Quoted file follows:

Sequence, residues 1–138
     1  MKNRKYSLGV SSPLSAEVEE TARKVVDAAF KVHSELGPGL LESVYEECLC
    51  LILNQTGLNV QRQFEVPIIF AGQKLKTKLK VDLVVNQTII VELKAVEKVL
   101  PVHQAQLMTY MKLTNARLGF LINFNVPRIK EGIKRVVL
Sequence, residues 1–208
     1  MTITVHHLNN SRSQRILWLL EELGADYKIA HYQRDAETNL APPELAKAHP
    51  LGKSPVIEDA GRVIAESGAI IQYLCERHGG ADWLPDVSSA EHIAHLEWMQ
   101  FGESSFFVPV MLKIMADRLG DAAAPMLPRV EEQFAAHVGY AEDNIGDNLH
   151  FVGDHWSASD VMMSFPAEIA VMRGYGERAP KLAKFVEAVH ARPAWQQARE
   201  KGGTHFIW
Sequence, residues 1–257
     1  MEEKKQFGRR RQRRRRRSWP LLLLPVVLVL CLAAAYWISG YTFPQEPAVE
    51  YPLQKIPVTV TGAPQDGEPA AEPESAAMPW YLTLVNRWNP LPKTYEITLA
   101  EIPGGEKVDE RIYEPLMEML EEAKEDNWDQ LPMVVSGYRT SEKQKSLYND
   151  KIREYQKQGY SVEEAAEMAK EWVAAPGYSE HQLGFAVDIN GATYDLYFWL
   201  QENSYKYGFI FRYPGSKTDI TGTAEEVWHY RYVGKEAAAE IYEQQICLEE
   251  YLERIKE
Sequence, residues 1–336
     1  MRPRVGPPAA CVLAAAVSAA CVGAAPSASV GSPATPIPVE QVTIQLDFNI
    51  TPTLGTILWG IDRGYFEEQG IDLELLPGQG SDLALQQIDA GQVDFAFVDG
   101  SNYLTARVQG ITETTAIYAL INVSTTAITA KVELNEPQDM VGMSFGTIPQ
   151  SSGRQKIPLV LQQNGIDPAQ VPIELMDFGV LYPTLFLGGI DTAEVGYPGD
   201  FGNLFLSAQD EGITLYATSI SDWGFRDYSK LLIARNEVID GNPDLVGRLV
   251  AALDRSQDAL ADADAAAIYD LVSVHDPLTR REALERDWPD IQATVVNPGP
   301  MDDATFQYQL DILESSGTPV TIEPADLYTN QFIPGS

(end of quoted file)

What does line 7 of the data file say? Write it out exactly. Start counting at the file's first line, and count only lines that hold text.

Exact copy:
    51  LGKSPVIEDA GRVIAESGAI IQYLCERHGG ADWLPDVSSA EHIAHLEWMQ